อาจารย์ มุนินโท


A friend of the monastery warned me…that currently many people equate the pursuit of contentment with being irresponsible: since the world is in such a precarious state, contentment is the last thing we should be thinking about – everyone ought to be striving to find ways to fix this terrible mess.

In that talk I spoke about awareness as a multidimensional reality, not a singular thing: just as the ocean can have waves thrashing about on the surface and at the same time there can be perfect stillness in the depths.

The point I was making was that so long as we believe that the surface-level of turmoil is all there is, we will continually struggle and risk ending up in despair.

I support the enthusiasm for finding creative solutions to the current global crisis; however, we will only be successful if we factor in all dimensions of reality, not just the immediately obvious surface-level.

A broad-minded and open-hearted approach is necessary – one that supports sustained effort and an ability to view the situations in which we find ourselves from varying perspectives.

We are all familiar with surface-level contentment – the feelings we experience when we get what we want: when the weather is agreeable, our health is good, and the friends we are with are telling us nice things. Such feelings are obviously desirable; however, we know that they don’t last.

Our Dhamma teachers tell us that there is another quality of contentment – one which does last. This is an aspect of our being with which those who have looked more deeply are familiar. They know that, like the ocean, even when conditions on the surface of the mind appear wild and unruly, at the same time, on a deeper level in their hearts, there can be peace.

To have such a perspective on reality leads to confidence, or faith, and can be a powerful source of support.

If we focus on merely the surface or material dimension of existence, then indeed the world is in a terrible mess, and this readily gives rise to feelings of hopelessness.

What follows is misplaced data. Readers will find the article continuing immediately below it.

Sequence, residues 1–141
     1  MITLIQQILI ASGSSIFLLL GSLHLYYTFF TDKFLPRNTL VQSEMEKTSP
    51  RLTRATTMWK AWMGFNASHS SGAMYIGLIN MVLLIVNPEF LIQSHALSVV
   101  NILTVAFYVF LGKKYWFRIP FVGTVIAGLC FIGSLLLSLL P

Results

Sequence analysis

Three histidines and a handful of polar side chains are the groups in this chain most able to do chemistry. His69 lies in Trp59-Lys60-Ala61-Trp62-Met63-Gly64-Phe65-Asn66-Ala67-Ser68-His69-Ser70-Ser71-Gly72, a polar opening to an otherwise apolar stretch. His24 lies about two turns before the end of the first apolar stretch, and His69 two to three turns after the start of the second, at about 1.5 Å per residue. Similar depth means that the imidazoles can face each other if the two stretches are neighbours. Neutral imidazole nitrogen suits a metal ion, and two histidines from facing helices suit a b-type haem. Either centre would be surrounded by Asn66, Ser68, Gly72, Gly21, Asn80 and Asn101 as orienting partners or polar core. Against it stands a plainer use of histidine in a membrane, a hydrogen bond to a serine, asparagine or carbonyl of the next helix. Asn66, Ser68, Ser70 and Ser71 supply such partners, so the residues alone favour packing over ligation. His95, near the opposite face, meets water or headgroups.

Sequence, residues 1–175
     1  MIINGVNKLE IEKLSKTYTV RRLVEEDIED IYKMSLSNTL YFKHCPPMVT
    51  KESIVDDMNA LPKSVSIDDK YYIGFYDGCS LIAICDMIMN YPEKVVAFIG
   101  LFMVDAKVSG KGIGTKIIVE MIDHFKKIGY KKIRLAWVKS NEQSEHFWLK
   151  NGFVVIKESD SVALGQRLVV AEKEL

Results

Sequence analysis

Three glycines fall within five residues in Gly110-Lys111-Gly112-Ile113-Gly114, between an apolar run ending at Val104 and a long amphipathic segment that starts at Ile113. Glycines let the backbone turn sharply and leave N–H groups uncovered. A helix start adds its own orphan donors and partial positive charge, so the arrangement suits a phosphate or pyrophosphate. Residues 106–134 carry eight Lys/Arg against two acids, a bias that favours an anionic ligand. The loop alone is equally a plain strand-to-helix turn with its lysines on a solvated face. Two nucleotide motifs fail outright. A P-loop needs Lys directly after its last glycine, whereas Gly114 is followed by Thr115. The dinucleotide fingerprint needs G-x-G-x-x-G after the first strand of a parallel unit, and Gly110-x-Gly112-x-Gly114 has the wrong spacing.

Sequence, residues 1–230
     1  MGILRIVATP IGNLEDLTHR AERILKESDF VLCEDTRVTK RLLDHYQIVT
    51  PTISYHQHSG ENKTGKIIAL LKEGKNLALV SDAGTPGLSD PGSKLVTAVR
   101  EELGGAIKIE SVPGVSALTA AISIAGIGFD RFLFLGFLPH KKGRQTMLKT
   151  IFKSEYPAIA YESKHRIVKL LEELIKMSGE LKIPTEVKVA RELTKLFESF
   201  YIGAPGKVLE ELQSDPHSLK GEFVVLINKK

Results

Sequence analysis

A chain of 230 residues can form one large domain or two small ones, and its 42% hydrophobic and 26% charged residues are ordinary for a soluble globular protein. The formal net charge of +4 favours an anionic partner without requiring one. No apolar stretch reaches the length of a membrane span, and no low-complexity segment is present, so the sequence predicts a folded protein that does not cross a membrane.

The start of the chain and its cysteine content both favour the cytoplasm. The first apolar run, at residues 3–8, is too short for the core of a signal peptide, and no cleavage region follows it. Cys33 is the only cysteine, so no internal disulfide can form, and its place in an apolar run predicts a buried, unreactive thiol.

However, our life is much more than materiality. Even some scientists and philosophers are these days talking about ‘the hard problem of consciousness’.

The fact that they are acknowledging the possibility that there may be more than mere materiality is significant. Not only are they acknowledging that potentially there is another dimension that is profoundly relevant to our lives, they are admitting that they know next to nothing about it. I find this very hopeful indeed.

It is like when someone who has been suffering with physical pain for a long time, but refuses to go and see a doctor, eventually comes around to admitting that they need help.

Part of the help that all human beings need is the recognition that the real source of contentment is to be found within awareness itself – no amount of rearranging material conditions can truly protect us from sorrow, loss and despair.

Herein lies the value of the discipline of attention, or formal meditation.

Even an entry-level familiarity with meditation can acquaint us with hitherto unappreciated inner ability. It would be a mistake to assume that the benefits of meditation can only be found after many hours, weeks, or years of practice. After only a few months of twenty-minutes-a-day, six days a week, or even a lot less, meditators can begin to taste the benefits.

So long as we are unaware of this potential inner resource, we are likely to keep striving to rearrange conditions on the surface. As already mentioned, even when we do manage to make things agreeable for a while on that level, part of us knows that conditions could change at any moment and become disagreeable, which in itself is a sort of suffering.

In case there be any doubt, I should emphasise that I am not saying we can afford to completely ignore the conditions of the outer world and turn a blind eye to such matters as injustice and abuse of power.

What I want to emphasize is that, since surely we aim to be effective in addressing issues of injustice and abuse, we have to properly equip ourselves for the challenge.

If we were to take on the challenge of climbing Mount Everest, we would invest a lot of time and effort in preparing ourselves in advance.

Taking on the challenge of transforming the suffering of existence into wisdom and compassion, likewise requires that we are ready for the task.

This reflection by Ajahn Munindo is from the book, In Any Given Moment, “Contentment.” (pdf) pp. 409-412.